In this blog post, Mind Doodle’s CEO, Rich Hill, explains why you need to use SWOT analysis for your business strategy.
“There are a lot of blog posts that explain how to do SWOT analysis, but in this one, I wanted to concentrate on why…” Rich Hill
Why do SWOT?
Why should you do SWOT analysis? The answer is simple: because it’s a great tool for understanding how your business or organization is doing. You will learn what your business can do better, what it is already good or bad at, and what it should be doing in the future.
For the purpose of this post, I’ll talk mainly about businesses, as that’s what I know best. However, SWOT analysis is equally important for charities, individuals or other projects.
When a company is in start-up mode, it is standard practice to create a business plan. Hopefully, this plan is based on some research and analysis. It would be naive to decide: “We’re going to sell these widgets!” based on a hunch.
Research and analysis
Start-ups should focus on research first, use SWOT analysis and create a business plan next, and only then, start building an offering.
Before coding, we took a step back. We researched the market, found out what users needed and planned how we would differentiate our product. Analysis gave us the confidence to build a solid business plan around our vision.
Writing a business plan
It’s worth pointing out that every business plan is based on assumptions. Assumptions are, at best, educated guesses. At worst, they can be overly-optimistic exaggerations.
It’s easy to create a spreadsheet that says the user acquisition cost is $1, the life-time value is $100, and the virality will be through the roof. In reality, nothing is that simple. It is best to be realistic.
To avoid ridiculous assumptions, both good or bad, start with SWOT analysis; it may not answer all your questions, but it will help identify which questions you should be asking.
SWOT isn’t just for start-ups, though. For any company, many factors will change on a yearly basis.
A business plan needs to be revised regularly. You should return to your assumptions as soon as real data is available and update your spreadsheets with real numbers.
Industry-related changes can be subtle or extreme.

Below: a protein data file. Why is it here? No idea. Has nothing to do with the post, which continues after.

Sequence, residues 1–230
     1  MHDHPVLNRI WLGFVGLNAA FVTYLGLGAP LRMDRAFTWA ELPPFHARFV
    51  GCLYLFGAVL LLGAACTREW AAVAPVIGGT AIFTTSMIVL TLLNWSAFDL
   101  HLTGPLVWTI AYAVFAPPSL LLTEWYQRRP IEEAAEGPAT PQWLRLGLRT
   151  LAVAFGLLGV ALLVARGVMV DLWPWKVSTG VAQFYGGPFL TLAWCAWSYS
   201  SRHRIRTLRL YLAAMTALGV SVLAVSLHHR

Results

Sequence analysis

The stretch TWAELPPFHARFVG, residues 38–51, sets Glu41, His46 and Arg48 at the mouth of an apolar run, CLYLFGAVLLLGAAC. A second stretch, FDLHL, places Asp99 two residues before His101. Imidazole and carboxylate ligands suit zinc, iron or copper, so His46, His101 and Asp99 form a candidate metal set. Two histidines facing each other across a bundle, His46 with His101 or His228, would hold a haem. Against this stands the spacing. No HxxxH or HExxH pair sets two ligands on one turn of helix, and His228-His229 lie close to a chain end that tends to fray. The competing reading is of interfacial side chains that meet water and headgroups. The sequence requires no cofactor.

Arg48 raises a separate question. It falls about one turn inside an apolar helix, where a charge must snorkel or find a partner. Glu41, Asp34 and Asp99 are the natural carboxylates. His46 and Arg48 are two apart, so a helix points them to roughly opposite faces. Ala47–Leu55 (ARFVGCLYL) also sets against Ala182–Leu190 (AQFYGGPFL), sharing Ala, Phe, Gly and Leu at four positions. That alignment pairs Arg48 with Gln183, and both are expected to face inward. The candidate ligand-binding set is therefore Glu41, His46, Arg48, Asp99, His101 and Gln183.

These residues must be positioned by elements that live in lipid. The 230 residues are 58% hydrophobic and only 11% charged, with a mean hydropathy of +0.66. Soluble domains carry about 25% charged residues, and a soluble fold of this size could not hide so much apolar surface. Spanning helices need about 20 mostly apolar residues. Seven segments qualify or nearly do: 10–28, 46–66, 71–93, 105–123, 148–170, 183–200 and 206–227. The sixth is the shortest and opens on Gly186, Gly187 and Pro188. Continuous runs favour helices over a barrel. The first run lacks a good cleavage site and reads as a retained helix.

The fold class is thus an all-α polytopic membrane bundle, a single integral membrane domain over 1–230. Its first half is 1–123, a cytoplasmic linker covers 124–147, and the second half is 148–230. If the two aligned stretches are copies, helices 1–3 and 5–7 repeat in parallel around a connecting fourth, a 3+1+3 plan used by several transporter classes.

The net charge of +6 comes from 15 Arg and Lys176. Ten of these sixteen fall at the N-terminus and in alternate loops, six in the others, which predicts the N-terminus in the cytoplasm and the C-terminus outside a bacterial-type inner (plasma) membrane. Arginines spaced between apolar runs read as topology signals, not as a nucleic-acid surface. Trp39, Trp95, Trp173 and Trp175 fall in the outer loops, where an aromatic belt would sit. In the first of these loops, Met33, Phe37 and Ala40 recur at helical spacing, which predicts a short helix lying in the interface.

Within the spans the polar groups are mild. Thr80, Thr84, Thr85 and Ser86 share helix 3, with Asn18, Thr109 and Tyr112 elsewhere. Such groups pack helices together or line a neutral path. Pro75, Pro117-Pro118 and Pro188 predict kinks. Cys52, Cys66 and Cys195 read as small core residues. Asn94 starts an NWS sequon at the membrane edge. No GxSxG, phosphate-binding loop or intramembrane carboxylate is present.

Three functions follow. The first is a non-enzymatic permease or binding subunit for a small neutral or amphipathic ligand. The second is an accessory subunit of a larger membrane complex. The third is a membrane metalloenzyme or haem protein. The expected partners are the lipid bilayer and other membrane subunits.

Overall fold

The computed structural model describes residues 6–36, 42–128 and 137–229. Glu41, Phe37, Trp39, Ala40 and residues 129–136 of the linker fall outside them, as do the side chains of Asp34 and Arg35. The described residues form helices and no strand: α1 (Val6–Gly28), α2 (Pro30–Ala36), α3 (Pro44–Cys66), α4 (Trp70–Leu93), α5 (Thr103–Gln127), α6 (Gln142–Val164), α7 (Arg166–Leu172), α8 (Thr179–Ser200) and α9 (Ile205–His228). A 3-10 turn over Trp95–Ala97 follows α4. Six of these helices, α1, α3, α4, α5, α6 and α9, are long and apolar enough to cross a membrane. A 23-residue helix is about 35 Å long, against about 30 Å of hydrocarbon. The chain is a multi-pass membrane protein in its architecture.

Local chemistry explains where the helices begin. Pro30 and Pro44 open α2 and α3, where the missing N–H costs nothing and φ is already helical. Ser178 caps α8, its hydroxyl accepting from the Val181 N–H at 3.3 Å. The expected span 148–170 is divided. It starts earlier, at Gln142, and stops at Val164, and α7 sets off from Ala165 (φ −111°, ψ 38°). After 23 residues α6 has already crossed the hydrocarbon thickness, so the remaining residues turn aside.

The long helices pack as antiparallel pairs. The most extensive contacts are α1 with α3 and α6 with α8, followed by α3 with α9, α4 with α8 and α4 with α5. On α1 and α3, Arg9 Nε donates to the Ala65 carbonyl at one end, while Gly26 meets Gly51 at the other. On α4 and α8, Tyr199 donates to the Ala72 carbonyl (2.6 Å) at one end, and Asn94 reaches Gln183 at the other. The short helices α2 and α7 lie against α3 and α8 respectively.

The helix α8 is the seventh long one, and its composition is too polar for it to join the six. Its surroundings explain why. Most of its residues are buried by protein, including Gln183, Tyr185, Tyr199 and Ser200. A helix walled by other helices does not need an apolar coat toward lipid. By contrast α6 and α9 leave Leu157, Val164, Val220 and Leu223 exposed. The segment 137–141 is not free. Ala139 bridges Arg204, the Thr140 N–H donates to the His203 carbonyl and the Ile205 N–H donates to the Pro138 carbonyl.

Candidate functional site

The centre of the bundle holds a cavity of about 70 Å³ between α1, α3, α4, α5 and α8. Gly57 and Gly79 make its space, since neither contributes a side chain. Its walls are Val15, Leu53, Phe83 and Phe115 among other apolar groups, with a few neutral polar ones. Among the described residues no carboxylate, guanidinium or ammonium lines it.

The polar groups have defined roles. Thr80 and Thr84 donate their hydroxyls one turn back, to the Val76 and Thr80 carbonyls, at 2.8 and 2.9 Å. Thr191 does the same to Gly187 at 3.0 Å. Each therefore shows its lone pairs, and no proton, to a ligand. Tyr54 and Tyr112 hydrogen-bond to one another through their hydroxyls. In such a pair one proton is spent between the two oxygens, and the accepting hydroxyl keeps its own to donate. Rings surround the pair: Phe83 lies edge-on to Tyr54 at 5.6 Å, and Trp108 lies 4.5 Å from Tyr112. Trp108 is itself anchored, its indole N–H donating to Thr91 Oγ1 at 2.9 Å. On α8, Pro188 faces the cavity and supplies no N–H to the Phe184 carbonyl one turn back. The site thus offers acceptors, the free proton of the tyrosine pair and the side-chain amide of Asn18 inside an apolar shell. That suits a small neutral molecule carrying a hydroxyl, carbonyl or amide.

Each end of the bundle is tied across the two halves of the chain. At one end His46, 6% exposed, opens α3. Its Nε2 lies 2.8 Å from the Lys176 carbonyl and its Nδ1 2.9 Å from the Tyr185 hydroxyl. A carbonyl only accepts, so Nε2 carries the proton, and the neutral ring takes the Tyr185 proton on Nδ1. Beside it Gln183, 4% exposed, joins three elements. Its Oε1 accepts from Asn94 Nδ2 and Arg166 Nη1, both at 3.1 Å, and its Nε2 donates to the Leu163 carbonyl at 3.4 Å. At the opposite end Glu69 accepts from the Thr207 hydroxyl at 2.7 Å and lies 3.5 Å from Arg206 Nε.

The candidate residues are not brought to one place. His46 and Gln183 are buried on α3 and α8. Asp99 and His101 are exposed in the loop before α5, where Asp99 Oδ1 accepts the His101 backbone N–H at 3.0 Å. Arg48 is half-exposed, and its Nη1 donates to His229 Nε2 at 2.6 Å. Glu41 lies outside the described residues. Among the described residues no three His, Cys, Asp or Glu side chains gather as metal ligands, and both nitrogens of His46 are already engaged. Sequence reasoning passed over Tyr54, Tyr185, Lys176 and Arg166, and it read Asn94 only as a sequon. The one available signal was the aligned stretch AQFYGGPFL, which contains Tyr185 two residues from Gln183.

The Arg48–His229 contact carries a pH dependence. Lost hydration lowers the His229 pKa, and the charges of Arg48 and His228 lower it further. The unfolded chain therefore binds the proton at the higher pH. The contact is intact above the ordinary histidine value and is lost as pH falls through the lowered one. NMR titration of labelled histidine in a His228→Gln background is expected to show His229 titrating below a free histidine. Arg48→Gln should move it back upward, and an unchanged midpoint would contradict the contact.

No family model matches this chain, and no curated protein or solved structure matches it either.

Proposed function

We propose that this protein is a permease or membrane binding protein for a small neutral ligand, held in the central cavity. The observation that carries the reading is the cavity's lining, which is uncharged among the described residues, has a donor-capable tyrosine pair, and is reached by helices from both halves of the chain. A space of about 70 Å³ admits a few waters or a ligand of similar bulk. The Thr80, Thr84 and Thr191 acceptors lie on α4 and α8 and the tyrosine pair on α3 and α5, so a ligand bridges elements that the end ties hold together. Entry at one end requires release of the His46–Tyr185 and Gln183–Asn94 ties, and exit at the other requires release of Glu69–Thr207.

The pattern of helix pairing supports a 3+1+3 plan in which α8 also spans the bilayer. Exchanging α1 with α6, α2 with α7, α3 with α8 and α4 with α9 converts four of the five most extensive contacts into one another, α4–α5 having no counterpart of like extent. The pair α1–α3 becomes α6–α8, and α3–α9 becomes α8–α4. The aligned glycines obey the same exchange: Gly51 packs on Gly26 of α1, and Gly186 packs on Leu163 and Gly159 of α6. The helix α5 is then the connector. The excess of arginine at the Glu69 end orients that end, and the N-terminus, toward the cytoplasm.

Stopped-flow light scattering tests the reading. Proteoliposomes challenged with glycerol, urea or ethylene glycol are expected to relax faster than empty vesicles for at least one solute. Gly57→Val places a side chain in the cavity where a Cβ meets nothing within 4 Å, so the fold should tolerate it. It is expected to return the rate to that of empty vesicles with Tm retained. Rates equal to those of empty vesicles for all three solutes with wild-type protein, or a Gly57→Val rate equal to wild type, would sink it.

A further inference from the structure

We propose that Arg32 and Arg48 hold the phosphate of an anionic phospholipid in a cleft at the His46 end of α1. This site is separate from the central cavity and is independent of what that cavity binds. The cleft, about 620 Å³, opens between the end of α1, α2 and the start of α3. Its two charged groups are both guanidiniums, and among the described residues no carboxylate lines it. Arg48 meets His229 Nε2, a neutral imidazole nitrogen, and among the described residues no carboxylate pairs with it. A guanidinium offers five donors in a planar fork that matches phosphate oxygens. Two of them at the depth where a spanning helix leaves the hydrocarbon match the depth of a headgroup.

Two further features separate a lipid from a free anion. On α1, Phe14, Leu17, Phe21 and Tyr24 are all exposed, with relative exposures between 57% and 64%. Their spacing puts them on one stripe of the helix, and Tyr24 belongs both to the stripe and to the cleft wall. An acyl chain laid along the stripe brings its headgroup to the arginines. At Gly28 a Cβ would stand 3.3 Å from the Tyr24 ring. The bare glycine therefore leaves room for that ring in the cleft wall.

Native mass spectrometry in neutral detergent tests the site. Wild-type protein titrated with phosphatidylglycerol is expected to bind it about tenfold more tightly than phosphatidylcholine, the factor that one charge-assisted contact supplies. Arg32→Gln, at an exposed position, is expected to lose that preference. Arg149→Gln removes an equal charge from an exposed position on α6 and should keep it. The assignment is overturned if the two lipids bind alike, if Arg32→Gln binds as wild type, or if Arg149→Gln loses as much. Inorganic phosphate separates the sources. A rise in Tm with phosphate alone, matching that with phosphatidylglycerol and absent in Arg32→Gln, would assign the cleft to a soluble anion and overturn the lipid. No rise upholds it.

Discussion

Consider web technology. Thirty years ago, there were no websites at all. Take a moment to think about what that means. There was no email, no E-commerce, no WordPress. There were no smartphones and there was no social media. There was no chat, no video conferencing, no Mind Doodle. How did we cope?
Think back to all of the opportunities that technology has given us. This won’t stop. Even websites are completely different from the early days.
For a start, without smartphones, websites didn’t need to be responsive. Similarly, browsers have evolved so much that Mind Doodle relies on tech that didn’t exist 10 years ago, let alone 30.
Legislation is another great example. As I write, Brexit looms. Politics and personal preferences aside, if it really does happen, the consequences for the UK, Europe and the wider economy are significant.
Last year saw the introduction of GDPR, which changed the rules for how websites can interact with visitors and store their data. There will be more legislation in the future that impacts every one of us.
Competitors rise and fall
Competitors also rise and fall. You might have a great business now, but what if Google, Facebook or Amazon acquires one of your competitors and waives the subscription charges?
Strengths and weaknesses
Strengths and weaknesses can also move. Initially, a start-up will have no revenue. If things go well, this will increase. The marketing budget might move from being a weakness to a strength.
What should be done with the extra cash? The obvious answer is to reinvest, but with so many potential routes for marketing or advertising, which is the best move?
SWOT analysis will help you to answer. Understand your business and the world it sits in.
Plan for change
The reality is that we live in an ever-changing environment. These changes affect us.
It’s not enough to continue doing whatever we are currently doing, in the hope that we get the same result. We need to understand what has changed, what might change, and plan accordingly.
Personally, I recommend that you carry out SWOT analysis annually, using the results to update your business plan.
Let’s create something